New Year’s Eve was celebrated with a vengeance here in the hall at the Manawatu Caravan Club grounds last night. The theme for the evening was “Flower Power – covering the 50s, 60s and 70s.” Sounded just like our kind of music.
Tables in the hall soon filled up with interested party goers and in they came. Flowing hippy wigs adorned previously balding heads, and a large assortment of Hawaiian shirts were resurrected from closets. Some of the ladies were clad in long flowing dresses, while others wore trousers and brightly patterned tops. Head bands were everywhere keeping all that long hair in place, as were “Ban the Bomb” pendants hanging around many a neck. The pair of us decided to go with the Island theme, genuine Hawaiian we stress, brought on holiday there some years ago. Robin wore a Hawaiian shirt, casually undone, while I dressed in my brightly patterned Hawaiian cotton skirt.
We were joined at the table by a couple of strangers, an Afro haired fellow who had brought his blonde bimbo girlfriend along for a good time, it seemed.
Geoff had a little trouble taking the top off his bottle of pink bubbly, but perseverance paid off, and the job was finally done. I’m always a little concerned that the popping cork might hit me in the eye, one of these days, but luckily I came through unscathed.
As the music belted out, the party goers got up and danced along to the beat. Spot prizes on the dance floor added to the interest. We did our share of dancing too, and while sitting out some numbers, were kept amused by the antics of some on the dance floor. We sung along to all those songs we remembered from our youth.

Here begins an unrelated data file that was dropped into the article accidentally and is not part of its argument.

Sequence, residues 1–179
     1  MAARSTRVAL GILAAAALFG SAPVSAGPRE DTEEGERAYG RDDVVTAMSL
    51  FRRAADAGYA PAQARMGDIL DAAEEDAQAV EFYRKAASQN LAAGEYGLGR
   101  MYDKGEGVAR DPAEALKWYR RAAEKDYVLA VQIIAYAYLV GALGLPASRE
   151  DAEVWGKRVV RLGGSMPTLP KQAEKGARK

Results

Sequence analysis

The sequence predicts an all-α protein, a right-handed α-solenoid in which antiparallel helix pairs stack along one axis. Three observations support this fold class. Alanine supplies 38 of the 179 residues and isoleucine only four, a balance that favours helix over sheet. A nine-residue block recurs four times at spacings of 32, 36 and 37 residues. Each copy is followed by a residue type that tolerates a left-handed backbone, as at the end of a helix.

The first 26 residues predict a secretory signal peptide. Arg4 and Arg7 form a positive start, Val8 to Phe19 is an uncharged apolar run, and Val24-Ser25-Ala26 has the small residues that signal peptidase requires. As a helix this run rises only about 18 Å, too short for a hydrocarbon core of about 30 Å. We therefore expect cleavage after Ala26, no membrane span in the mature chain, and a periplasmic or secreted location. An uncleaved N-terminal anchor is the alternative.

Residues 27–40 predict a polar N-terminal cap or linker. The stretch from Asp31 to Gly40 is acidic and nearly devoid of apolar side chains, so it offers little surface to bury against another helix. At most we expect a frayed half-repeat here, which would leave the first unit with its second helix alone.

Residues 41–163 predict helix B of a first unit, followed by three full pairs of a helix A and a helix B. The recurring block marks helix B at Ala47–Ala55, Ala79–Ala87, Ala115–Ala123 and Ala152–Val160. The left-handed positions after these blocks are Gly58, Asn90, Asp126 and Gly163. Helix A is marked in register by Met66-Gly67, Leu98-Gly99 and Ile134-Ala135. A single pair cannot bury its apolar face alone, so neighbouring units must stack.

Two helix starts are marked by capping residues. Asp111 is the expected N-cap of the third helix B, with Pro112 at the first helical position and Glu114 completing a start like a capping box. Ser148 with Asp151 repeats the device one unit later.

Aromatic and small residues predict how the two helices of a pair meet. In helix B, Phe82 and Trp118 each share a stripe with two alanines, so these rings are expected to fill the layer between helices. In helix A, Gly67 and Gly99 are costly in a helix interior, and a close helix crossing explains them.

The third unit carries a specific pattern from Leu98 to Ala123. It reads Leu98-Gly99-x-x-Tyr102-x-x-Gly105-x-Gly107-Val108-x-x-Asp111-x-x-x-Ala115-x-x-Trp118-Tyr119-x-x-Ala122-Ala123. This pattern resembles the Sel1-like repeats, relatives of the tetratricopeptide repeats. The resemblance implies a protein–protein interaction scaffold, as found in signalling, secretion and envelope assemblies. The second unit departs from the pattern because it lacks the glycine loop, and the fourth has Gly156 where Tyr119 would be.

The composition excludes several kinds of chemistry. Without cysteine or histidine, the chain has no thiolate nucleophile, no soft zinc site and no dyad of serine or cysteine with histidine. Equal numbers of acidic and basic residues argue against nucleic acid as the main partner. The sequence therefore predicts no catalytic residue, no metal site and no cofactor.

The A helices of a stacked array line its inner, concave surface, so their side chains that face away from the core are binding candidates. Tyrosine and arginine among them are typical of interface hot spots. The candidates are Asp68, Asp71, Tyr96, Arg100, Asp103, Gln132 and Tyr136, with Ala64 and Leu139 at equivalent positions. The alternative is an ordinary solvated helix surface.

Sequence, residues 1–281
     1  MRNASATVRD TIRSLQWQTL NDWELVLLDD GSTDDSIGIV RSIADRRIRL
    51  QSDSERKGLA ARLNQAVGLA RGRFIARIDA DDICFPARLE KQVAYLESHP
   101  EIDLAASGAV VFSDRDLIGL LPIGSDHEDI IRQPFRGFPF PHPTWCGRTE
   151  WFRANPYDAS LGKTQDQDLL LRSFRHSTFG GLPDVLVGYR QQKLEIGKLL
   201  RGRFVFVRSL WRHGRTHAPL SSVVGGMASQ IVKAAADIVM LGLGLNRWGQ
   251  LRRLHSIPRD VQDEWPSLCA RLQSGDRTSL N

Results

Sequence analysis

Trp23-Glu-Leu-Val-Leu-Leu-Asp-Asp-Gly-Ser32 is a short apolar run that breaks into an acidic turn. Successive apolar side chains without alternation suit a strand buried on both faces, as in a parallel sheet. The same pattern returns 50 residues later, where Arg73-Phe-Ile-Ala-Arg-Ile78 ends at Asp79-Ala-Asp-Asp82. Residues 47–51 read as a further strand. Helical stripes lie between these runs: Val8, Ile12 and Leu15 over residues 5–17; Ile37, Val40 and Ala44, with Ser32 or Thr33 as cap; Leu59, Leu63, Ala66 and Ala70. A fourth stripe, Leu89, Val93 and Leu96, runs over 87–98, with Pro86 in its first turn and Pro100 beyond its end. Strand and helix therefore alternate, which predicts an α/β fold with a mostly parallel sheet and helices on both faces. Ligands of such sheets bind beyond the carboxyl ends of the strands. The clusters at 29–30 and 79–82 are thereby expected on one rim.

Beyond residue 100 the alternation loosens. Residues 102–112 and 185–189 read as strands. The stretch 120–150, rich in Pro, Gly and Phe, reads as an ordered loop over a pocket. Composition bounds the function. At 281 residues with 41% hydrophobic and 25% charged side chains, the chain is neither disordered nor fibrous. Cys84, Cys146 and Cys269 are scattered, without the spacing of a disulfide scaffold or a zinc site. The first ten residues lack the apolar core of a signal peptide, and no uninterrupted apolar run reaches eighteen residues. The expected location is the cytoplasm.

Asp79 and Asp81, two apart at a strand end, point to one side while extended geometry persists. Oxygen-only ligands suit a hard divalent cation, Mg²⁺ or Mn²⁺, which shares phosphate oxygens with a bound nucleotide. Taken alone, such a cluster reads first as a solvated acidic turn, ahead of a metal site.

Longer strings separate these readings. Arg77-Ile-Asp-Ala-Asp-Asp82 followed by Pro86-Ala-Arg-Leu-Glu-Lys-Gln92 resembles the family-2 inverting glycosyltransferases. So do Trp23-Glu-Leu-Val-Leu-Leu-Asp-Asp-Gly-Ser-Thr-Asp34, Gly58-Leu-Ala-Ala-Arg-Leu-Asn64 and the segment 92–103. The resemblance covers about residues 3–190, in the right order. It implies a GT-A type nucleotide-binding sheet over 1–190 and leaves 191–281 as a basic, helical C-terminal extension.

At a table behind us, one of the blokes had come with his portable bar. It opened out to show an ice filled container for the drinks, and a table top. Who needs a corner of that table all taken up with your friends, when you can just wheel your own travelling bar into the hall?
The night wore on, and the songs kept pumping out. When it was announced, “only 15 minutes to mid-night”, everyone jumped up for the last bracket of the evening. Then the seconds were counted down, ten, nine, eight….until midnight erupted in a roar of “Happy New Years” around the hall, closely followed by a rollicking version of Auld Lange Syne. But just what does this phrase mean? Auld Lang Syne was a poem written by Robert Burns in 1788 and set to the tune of a traditional folk song. Its traditional use being to celebrate the start of the New Year at the stroke of midnight. The song has been translated into more than 40 languages. The song's Scots title may be translated into English literally as "old long since", "long long ago", or days gone by".
We had seen off the Old Year, and welcomed in the New Year, can we go to bed now, please?